Court proceedings began in Cyprus Monday into last year's explosion of confiscated Iranian gunpowder that killed 13 people and triggered a political crisis that damaged the presidency of Dimitris Christofias.
Eight people face charges of manslaughter and negligence causing death, including ex-Foreign Affairs Minister Markos Kyprianou and ex-Defense Minister Costas Papacostas. The manslaughter charge carries a maximum life in prison.
Both men resigned in the wake of the July 11 blast that nearly ruined the island's largest power station and touched off weeks of street protests over what many saw as his government's botched handling of the affair.
Kyprianou and Papacostas appeared in a Larnaca courtroom alongside all the co-accused that included senior National Guard and Fire Department officers, except former National Guard Chief Petros Tsalikides, a Greek national.
The court approved a state prosecutor's request for an arrest warrant against Tsalikides and postponed all proceedings until May 18. All the accused were released on (EURO)150,000 ($198,000) bail.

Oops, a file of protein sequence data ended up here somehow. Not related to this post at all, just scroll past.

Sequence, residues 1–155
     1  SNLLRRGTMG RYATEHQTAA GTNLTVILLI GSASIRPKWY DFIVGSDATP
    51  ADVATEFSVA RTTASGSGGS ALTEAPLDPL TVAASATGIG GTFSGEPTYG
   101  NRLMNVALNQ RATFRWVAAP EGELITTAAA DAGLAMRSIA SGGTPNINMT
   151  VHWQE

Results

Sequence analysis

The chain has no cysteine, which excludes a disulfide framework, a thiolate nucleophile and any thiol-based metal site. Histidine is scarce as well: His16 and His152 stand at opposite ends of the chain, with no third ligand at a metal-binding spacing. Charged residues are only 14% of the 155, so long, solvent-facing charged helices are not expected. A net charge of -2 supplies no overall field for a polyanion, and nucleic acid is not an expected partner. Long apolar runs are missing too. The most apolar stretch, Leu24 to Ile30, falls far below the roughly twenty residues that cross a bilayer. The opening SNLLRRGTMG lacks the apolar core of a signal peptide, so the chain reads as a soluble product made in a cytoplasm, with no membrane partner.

Police officers had to restrain some victims' relatives from charging the accused's vehicles as they arrived at the courts complex. One black-clad man shouted "murderers" while being held back by police.
Kyprianou had previously said that he believed the case to be a politically motivated witch hunt aimed at finding scapegoats for the disaster.
A public inquiry into the island's worst peacetime military disaster found that the gunpowder packed in some 98 containers had spontaneously combusted after becoming unstable from prolonged exposure to wide temperature swings. The containers had been left piled in an open field inside a naval base for more than two years.
The munitions were confiscated in February 2009 from a Cypriot-flagged ship suspected of transporting them from Iran to Palestinian militants in Gaza through Syria in breach of a United Nations ban on Iranian arms exports.
The inquiry's 650-page report detailed a complex and confusing web of meetings and consultations at the top echelons of government about what to do with the gunpowder so as not to upset either Syria or Iran.
It concluded that Christofias was primarily to blame for the circumstances that led to the explosion. Christofias rejected the nonbinding findings.